available.
carbonization of mixture of materials ,
The carbonization of the organic portion of the
charge is carried to the point of substantial dry
ness, which may be the temperature most suitable
for activation but should not be less than 600° C.
or thereabouts.
So far as I know at present,
neither the rapidity with which the carbonization
'step is conducted nor the type of apparatus em
ployed has any dominating effect on the proper
ties of the ?nished material, and I may carbon
ize in closed, externally heated retorts, for the
salvaging of the volatile products, or by direct
contact with hot products of combustion, or in
76 other ways disclosed in the prior art.
If the speci?c manner of manufacture be such
in either case, is brought back to a ?neness suited
for use as a ?lter-aid by milling or grinding in
any preferred manner.
Differing in this respect from the carbons prop
er, my product does not require to be and should
not be comminuted to extreme ?neness. The 40
reason for this lies in the structure of the new
material.
The particles of commercial carbons
are too dense to permit any material penetration
of liquid and are therefore effective only on their
surfaces. The relation of surface to weight in
creases very rapidly as particle size diminishes,
and with this increase of particle surface comes a
corresponding increase in decolorizing efficiency.
For this reason the carbons do not develop their
theoretical maximum e?lciency unless ground to a
state of extreme ?neness. - Such grinding of
course impairs the ?ltering and clarifying power
so that an economic balance must be struck in the
grinding operation between decolorizing power on
the one hand and ?ltering and clarifying power
on the other.
In the product of my invention, on the con
trary, the highly porous and permeable nature of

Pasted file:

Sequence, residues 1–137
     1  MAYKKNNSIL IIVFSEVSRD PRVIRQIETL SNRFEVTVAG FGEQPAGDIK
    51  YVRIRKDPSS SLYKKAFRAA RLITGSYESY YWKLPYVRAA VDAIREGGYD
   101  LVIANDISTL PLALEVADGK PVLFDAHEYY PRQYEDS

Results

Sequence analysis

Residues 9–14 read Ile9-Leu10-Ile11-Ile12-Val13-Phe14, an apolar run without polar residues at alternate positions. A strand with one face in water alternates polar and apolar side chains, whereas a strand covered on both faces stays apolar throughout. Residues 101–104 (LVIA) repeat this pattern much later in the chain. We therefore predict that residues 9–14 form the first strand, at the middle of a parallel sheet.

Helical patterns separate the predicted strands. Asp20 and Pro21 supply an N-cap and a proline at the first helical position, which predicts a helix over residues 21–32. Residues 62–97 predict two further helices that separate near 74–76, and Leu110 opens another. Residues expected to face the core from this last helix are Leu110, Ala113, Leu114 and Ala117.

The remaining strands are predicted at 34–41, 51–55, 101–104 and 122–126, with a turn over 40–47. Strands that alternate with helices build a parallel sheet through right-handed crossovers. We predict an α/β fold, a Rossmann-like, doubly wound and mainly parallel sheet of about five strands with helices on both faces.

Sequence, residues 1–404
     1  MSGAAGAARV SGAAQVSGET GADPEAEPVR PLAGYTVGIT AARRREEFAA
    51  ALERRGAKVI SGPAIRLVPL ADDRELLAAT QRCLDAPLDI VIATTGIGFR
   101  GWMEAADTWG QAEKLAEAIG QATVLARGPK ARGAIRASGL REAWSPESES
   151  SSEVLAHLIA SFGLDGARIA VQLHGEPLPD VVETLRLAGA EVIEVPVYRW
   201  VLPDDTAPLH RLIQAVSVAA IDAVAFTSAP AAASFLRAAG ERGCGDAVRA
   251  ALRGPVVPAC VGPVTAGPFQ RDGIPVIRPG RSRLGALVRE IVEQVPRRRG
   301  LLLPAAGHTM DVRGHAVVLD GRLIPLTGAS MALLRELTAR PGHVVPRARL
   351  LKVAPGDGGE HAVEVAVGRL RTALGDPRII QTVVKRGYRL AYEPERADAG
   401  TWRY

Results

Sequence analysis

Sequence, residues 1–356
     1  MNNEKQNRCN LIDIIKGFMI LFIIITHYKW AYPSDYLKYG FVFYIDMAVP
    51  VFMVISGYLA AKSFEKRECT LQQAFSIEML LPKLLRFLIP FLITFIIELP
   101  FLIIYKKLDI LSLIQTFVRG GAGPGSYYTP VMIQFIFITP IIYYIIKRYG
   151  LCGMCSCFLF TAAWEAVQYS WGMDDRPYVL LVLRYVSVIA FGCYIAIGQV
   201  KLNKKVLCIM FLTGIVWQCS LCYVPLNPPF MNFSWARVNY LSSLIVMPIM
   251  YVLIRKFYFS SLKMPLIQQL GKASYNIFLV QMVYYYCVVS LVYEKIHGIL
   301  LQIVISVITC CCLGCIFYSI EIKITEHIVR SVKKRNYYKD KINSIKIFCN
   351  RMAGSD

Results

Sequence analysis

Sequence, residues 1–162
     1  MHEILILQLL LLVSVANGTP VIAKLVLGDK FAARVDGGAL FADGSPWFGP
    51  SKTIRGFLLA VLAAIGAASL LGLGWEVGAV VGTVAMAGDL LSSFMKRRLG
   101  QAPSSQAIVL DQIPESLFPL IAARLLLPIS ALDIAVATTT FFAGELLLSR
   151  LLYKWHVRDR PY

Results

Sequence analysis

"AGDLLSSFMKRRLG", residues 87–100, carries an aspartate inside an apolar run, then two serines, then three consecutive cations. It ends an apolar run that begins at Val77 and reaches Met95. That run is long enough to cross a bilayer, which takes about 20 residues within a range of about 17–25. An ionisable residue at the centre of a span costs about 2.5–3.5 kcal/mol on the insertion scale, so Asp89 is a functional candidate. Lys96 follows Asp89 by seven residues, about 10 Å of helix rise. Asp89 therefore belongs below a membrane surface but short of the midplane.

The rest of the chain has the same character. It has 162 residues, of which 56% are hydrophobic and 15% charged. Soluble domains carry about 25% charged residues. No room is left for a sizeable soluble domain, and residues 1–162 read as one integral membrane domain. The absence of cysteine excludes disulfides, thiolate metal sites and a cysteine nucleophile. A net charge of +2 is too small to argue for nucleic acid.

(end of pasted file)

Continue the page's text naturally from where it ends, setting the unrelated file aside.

the diatomaceous earth mass exposes the surfaces
of all the carbon coated diatoms to liquid contact, 60
the super?cial area thus rendered available being
much greater than that of the ?nest powder pro
ducible by comminuting a massive carbon. For
this reason the ?nal milling should be of such
nature as only to separate any cemented diatoms.
Properties of the final product
The product of my invention has certain sur
prising and unexpected properties which may best
be illustrated by comparative figures. In Table 1
below an example of the product of the invention
is compared, as to its most valued properties, with
its earthly and its carbonaceous constituents, both
alone and in simple admixture, and with certain 75
i
2,127,702
representative
commercial
carbons. In this table:
sugar-decolorizing
'
A is an example of the product of the‘invention,
prepared by carbonizing a mixture of 12 parts
soft wood flour with one part raw diatomaceous ,
earth previously comminuted to ?lter-aid ?ne
ness.
The carbonized product was activated at
900° C. with steam until a trace oi.’ ash appeared
and the activated product was milled to pass 82%
10 through a 150 mesh screen.
B is a ?lter-aid prepared by heating the same
comminuted raw earth to 900° 0. without the ad
dition of carbonaceous matter or 01' any chemical
or ?uxing agent.
C is a wood charcoal prepared by carbonizing